December 8, 2011

Gyms’ PR strategy doesn’t work out

In a world of 24-hour information, quality PR work is crucial.

When the Baltimore Colts moved out of town under the cover of darkness in 1984, the team pretty much cemented its place in the Bad PR Moves Hall of Fame. But last week, Bally Total Fitness took a page out of the Colts’ playbook anyway, completing a sale of 171 of its clubs to competitor LA Fitness — without telling its members. Other than a vague, one-paragraph statement on both companies’ websites, and two days’ notice of an early closing on November 30, gym members were given no information about the sale, or what it would mean for them.

This communication blackout triggered an escalating PR nightmare. At my local former-Bally-now-LA Fitness, members arrive with no idea that club ownership has changed, and are surprised to find they must now wait in long lines to receive new membership cards and sign new paperwork. Familiar staff members are gone. Bally’s Facebook page features stories about memberships suddenly canceled, gyms abruptly closed and fees arbitrarily charged. All the while, Bally and LA Fitness remain silent.

In an earlier blog post on crisis communications, AB&C’s director of public relations John Orr stressed the importance of maintaining a constant flow of open, honest interaction. Surely a corporate takeover should have prompted both companies’ PR teams to go into overdrive, executing a carefully planned crisis communications plan. But outside of a short email from Bally to its members stating they should notice no changes, there have been no press releases, no staff on hand at clubs to answer questions, not even a single Facebook post. In a world of 24-hour information, it’s both surprising and disheartening to see two large corporations dismiss the opportunity for some quality PR work.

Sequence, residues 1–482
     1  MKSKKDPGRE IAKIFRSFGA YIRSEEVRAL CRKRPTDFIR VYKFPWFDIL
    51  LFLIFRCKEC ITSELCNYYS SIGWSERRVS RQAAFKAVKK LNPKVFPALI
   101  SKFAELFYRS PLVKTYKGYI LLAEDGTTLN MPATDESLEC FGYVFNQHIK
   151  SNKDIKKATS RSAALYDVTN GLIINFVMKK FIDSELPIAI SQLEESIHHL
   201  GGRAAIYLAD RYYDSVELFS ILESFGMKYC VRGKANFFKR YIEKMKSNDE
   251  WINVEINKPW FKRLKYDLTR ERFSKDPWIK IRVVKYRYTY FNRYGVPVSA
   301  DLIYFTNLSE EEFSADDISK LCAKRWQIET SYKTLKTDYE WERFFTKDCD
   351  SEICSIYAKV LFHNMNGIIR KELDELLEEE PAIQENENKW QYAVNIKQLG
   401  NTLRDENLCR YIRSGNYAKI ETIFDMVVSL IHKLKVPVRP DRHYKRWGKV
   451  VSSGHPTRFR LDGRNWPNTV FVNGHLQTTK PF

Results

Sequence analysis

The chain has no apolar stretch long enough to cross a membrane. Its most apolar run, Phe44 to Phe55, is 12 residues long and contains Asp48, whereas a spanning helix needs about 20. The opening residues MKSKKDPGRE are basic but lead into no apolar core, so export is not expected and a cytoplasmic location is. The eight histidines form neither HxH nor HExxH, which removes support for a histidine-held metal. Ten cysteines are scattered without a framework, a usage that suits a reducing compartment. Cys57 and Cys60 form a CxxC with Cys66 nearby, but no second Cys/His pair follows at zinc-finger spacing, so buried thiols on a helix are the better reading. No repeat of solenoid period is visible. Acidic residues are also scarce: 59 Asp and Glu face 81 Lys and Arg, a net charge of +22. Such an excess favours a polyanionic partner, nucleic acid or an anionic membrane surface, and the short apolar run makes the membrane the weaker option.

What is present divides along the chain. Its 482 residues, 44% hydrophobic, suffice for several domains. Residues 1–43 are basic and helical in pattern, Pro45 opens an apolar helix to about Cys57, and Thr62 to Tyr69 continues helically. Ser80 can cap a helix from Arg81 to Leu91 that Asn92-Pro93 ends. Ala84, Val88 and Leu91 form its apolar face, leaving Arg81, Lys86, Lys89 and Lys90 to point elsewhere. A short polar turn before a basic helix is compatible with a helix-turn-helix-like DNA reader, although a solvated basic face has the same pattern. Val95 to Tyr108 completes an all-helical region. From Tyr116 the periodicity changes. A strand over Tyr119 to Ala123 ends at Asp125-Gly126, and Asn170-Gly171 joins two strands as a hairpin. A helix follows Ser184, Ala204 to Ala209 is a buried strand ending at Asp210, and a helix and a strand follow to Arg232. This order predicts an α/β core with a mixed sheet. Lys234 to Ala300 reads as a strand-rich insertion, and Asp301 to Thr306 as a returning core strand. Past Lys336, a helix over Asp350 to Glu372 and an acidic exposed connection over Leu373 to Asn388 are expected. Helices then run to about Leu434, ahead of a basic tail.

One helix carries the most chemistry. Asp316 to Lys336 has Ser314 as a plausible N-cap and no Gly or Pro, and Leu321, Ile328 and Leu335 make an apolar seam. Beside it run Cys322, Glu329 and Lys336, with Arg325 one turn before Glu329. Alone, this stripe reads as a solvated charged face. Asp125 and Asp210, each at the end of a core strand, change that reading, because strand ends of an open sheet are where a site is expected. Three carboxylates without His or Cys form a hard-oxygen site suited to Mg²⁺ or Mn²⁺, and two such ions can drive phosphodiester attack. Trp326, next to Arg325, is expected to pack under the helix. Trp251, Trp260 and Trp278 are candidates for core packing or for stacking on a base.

As PR professionals, we would love all our stories to be good news. Of course, that’s not always the case. That’s why it’s so important to be in front of the story and tell your side before someone else does. In this case, there may have been some good stories to tell in the takeover. For example, perhaps the gyms that are closing will be remodeled. Maybe LA Fitness plans to purchase new equipment or add new classes. On the other hand, maybe those gyms will close permanently or membership fees will skyrocket. Like every other customer, I can only guess. When you leave your PR to guesswork, it’s hardly ever positive and almost never accurate. And that’s not good.

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